Ad Astra: Larabee family poured money into Stafford
03/25/2012 8:07 PM
03/25/2012 8:07 PM
They were a family strangely out of place among dirt-poor farmers.
At the turn of the 20th century, the Larabee family of Stafford had climbed the rungs of the social elite, becoming one of the wealthiest milling families in the nation.
Joseph Larabee had established a modestly successful career in New York as a cheese buyer when he moved his family to Stafford in 1886 and began building a family fortune.
Over the next three decades, the Larabees built a bank and a library in the small town and brought in the region’s first telephone and electrical systems. They built up the Larabee Flour Milling Co., which has headquarters in Stafford, and operated more than 20 mills across the Midwest.
They owned land — thousands of acres in western Kansas.
The Larabees were involved in lead mining near Galena in southeast Kansas, had an iron foundry in Stafford and manufactured iron seats for corn sleds. They also operated a charcoal plant in the Ozarks, and at one time financed an irrigation system channeled by the Rattlesnake Creek. The irrigation project went bust; there was too much salt in the creek to make the venture worthwhile.
But there was more than enough money to keep the Larabee fortune rolling. They financed the Stafford car dealership that sold Franklin automobiles, and a carburetor company.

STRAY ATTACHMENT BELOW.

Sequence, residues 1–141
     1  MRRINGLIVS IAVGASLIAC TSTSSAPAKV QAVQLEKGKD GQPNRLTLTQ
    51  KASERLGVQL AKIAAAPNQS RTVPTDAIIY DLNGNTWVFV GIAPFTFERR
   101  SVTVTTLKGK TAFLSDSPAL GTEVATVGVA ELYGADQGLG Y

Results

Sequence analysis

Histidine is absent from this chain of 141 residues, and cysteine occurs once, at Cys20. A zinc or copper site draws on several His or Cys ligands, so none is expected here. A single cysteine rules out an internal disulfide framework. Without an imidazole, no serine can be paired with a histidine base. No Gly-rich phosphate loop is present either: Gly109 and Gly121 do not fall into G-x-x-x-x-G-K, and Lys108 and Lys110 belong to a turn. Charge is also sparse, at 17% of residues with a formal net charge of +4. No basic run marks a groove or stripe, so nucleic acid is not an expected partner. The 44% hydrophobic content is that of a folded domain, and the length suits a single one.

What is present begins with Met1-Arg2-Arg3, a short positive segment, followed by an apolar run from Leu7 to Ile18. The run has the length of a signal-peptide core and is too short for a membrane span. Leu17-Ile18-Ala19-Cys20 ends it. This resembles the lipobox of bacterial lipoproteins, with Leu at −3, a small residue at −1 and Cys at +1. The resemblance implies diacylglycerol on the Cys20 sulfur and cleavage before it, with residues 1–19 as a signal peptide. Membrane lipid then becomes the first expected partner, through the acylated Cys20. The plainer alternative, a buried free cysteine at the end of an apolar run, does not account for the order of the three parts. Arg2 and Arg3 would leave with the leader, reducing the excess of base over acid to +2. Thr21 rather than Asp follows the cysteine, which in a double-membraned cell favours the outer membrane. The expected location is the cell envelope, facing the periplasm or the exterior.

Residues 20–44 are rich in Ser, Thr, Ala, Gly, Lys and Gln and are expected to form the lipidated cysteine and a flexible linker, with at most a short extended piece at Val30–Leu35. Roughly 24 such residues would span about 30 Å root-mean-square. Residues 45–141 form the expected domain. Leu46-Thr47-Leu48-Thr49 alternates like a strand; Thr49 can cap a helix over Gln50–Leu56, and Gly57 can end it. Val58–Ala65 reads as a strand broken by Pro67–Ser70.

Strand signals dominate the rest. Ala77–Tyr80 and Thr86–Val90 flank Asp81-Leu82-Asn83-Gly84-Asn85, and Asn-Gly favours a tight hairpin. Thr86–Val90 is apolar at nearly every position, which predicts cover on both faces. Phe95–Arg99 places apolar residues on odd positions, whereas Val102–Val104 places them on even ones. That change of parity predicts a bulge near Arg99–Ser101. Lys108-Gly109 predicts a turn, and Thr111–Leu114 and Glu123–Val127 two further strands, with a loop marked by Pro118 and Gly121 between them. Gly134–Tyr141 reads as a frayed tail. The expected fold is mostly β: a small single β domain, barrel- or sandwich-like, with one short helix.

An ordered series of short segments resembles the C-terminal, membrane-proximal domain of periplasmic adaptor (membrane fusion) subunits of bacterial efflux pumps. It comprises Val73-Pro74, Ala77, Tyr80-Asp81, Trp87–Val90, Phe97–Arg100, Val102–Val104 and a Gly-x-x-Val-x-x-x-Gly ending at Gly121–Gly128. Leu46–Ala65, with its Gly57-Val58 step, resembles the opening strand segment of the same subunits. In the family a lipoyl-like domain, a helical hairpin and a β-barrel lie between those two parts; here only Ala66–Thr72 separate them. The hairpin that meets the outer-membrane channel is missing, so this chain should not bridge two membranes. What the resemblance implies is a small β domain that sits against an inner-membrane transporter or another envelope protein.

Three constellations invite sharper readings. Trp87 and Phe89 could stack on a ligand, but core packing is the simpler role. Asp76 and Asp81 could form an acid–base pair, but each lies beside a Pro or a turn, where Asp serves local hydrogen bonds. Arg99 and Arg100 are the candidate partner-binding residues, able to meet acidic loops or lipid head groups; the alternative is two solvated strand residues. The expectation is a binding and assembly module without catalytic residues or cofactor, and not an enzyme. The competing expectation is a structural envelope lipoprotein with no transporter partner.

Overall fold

“They had several banks and grain elevators, oil and gas refineries in Kansas and Oklahoma and a cement factory in Mexico,” said Stafford Library director Dixie Osborn, who has researched the family.
With the Larabees, Osborn said, “there was no unemployment in Stafford. The Larabees created jobs so men could provide for their families.”
The Larabee men — Joseph and his two sons, Franklin and Frederick — all served on the Stafford City Council; Joseph and Frank even served as mayor. While on the City Council, the Larabees helped bring water and a sewage plant for the city.
The Larabee women were involved in the arts, bringing art and music teachers to the community and providing lessons for any interested youths in Stafford, Osborn said.
And therein lies the rub.
Small-town politics can sometimes rear its head and that may have been the case in the town of Stafford, Osborn said.
In 1904, Nora Larabee — the youngest daughter of Angeline and Joseph — died of tuberculosis. By 1907, the Larabees built an elaborate library with gargoyle rainspouts and stained-glass windows in memory of Nora, furnishing it completely and offering to give it as a gift to Stafford.
But the then-city council, led in part by the editor of the Stafford Courier, Nate Reece, rejected the idea.
That made townsfolk mad. They held a recall election and a newly elected City Council voted to accept the library.
The Nora E. Larabee Memorial Library still stands in Stafford, listed on the National Register of Historic Places.
And, it is listed on the library’s deed that neither Nate Reece (who died decades ago) nor any of his heirs can ever serve on the library board.
Joseph Larabee, the patriarch, died in 1913. His wife, Angeline, died in 1915; son Frank Larabee, in 1920; and son Frederick, in 1921. The Larabee mausoleum is located in the Stafford Cemetery.
But the Larabee legacy is carried on far from Kansas. Frederick’s son Charles and his wife, Ruth Robertson Baird Larabee, both heirs to family fortunes, moved to San Diego and founded the San Diego Botanic Garden. She was a schoolteacher; he was a photographer and gardener.